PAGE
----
A month of React Native: part #1

Setting up the development environment

This post is part of a series, where I document my experiences learning React Native while building my first-ever mobile app. This is also my way of giving back to the React Native community, with tips and insights I note along the journey.


For this series, I’ll assume certain things. First, some basic familiarity with React and modern JavaScript (ES6/ES7). I’ve written a ton of React code in the last year, so I feel pretty confident about this. Second, I’ll be building this app on macOS. This is probably your best bet if you want to test your app on both iOS and Android (since the iOS simulator runs only on a macOS computer). Third, I’ll make use of the Expo toolset for building the app. This is the easiest way to get a React Native app off the ground, similar to create-react-app for web apps. In fact, the original create-react-native-app was a collaboration project between Expo and Facebook and is now deprecated in favor of the Expo toolset. Finally, I’ll be using yarn as the package manager. It really kicks npm’s ass in many different ways, so there’s no question here.

Photo by Braden Collum on Unsplash

Setting up Expo

The only real requirement with Expo is to have Node.js version 6 or newer installed on your computer. You can then install the expo-cli by running:

In addition to having all the development environment working out of the box, the second benefit you get by using Expo is the mobile client for iOS and Android. This really speeds up the development process, allowing you to run your app on your device(s) while you’re developing them. When you have the packager running (a word on this in a bit), it exposes a URL on your LAN that is accessible on your device (assuming they’re both on the same network). This means that any code change you make that triggers a rebuild is instantly mirrored on your device.

Additionally, you can choose to publish your app to your Expo profile. This allows you to run the app without having the packager running. Effectively, this can be used to run and test your app anywhere.

If you want to test your app on the iOS simulator or the Android emulator, you will need to install Xcode and Android Studio separately. On my end, I ended up installing Xcode only. Since I have an Android phone, I’ll be doing my iOS testing on the simulator and Android testing on my device.

These instructions are far from exhaustive, but enough to get you started. You can find more detailed installation instructions on Expo’s installation guides.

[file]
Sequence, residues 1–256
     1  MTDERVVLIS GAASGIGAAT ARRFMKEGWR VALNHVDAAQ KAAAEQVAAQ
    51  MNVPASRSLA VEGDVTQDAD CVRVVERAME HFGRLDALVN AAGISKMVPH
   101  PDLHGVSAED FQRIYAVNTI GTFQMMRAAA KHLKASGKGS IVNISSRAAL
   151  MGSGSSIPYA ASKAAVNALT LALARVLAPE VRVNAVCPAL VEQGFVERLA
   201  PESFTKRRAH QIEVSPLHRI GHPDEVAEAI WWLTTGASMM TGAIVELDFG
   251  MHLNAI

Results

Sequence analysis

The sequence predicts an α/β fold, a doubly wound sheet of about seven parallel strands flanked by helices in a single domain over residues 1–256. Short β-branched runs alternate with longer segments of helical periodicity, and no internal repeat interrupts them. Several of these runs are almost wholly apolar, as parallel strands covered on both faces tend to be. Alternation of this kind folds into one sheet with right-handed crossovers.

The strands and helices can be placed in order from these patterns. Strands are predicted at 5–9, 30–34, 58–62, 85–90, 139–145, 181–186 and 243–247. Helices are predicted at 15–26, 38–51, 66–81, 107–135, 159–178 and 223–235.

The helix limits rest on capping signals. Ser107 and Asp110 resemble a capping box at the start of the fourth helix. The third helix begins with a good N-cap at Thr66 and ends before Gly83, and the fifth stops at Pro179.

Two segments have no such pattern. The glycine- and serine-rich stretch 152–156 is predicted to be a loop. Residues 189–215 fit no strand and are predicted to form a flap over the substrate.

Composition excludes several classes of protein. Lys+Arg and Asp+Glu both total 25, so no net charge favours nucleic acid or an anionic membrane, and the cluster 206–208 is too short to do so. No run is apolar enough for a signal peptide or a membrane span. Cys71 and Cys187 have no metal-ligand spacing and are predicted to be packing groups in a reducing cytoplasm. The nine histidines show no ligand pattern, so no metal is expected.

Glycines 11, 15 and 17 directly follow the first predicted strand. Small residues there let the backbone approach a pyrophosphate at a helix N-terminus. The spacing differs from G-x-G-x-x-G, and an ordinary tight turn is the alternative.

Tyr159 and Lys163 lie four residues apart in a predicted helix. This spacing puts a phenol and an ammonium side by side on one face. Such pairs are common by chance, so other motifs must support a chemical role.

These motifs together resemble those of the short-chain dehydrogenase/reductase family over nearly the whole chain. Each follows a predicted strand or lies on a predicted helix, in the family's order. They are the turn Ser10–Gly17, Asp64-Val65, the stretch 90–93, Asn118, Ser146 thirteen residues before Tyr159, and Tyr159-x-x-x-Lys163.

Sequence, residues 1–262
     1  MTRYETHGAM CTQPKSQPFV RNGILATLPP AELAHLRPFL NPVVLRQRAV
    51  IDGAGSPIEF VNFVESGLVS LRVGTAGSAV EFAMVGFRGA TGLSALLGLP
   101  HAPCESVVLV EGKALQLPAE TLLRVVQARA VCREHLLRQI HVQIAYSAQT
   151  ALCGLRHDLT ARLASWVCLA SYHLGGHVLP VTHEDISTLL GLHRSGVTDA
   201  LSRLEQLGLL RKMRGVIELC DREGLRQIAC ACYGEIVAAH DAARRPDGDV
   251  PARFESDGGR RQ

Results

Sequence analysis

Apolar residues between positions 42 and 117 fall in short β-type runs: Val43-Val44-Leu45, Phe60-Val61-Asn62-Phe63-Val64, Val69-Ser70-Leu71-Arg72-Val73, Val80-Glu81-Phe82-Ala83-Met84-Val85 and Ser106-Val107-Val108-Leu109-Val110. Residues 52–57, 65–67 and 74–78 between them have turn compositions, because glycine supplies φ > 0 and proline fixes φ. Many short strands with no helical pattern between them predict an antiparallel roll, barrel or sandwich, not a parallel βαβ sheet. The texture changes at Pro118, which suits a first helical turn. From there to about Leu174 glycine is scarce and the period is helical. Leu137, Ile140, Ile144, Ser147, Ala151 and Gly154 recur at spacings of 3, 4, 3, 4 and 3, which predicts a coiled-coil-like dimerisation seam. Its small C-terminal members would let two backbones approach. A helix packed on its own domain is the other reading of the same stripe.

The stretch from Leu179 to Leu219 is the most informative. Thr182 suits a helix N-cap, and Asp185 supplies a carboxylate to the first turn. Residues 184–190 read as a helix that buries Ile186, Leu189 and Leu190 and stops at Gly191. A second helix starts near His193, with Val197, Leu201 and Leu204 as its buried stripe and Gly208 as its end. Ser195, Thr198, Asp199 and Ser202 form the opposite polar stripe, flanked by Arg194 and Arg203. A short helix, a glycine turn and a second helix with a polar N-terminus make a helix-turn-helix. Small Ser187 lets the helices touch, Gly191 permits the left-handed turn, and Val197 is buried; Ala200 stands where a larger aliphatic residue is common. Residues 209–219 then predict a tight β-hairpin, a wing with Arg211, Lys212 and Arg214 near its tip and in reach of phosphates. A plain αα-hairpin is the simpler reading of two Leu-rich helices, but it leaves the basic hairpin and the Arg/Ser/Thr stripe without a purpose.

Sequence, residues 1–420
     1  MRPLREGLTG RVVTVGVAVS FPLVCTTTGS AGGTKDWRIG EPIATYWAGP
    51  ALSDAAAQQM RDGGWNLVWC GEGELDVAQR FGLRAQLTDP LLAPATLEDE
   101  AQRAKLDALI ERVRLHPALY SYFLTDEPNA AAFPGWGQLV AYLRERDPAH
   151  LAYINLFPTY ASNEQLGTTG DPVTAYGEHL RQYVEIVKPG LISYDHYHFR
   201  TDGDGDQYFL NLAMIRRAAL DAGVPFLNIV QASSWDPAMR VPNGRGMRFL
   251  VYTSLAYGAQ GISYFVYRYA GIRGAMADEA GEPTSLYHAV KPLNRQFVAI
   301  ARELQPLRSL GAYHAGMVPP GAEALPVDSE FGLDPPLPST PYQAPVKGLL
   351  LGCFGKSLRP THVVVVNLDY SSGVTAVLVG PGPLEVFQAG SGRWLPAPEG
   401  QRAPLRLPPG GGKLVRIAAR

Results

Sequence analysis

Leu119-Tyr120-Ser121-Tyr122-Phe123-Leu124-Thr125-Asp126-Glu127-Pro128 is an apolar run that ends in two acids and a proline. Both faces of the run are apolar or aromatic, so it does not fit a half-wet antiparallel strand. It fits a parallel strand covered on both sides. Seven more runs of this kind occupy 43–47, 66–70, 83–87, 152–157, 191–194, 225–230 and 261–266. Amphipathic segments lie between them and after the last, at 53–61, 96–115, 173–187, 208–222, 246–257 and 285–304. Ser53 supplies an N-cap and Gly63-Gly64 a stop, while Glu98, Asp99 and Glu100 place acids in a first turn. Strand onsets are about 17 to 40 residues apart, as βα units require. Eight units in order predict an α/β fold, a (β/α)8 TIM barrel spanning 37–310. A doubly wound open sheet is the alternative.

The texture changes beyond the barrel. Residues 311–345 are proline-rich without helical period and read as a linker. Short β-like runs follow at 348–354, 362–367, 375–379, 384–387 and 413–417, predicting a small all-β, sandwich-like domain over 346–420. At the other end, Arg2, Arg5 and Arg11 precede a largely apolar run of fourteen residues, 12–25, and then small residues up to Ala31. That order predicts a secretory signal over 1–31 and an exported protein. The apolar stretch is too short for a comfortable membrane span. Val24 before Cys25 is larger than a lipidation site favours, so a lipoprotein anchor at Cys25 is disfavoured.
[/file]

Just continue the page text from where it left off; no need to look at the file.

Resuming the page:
Setting up a blank project

The expo CLI has a handy command for creating a blank project (expo init). It asks you for a project name (needs to be a URL-friendly name, i.e. no spaces) and also asks you to choose a template. Here I went with the blank template. The other option is the tabs template, which has a basic tabbed navigation included. I want to explore navigation separately, so I went with the blank template, as shown below:

That’s it! If you follow the instructions and run yarn start, this will start the bundler and you’ll be able to start working on your app. In my case, I had the iOS simulator installed, so I simply followed the on-screen instructions and had the blank app show up on the simulator:

For more details on how to get started with the first app, I recommend that check out Expo’s guide.

That’s it for day 1! Tomorrow we’ll be setting up the basic screens in our app and configure navigation.

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About me

I’m Alex, a software engineer and startup geek. Currently, I’m a co-founder at a startup called AgentRisk, where I’m the VP of Product & Engineering. In a past life, I was part of the founding engineering team at an enterprise cloud storage startup in Silicon Valley, did a bunch of cool cutting-edge projects at Cisco Research, and worked on some really innovative data center network architectures while doing my Master’s at UCSD. I always enjoy learning new technologies and b̵u̵i̵l̵d̵i̵n̵g̵ shipping side-projects all the time.

Co-founder & CTO @ AgentRisk. Former infra-tech guy (storage, networks). Startup nerd. Always building cool side-projects. #LongLA

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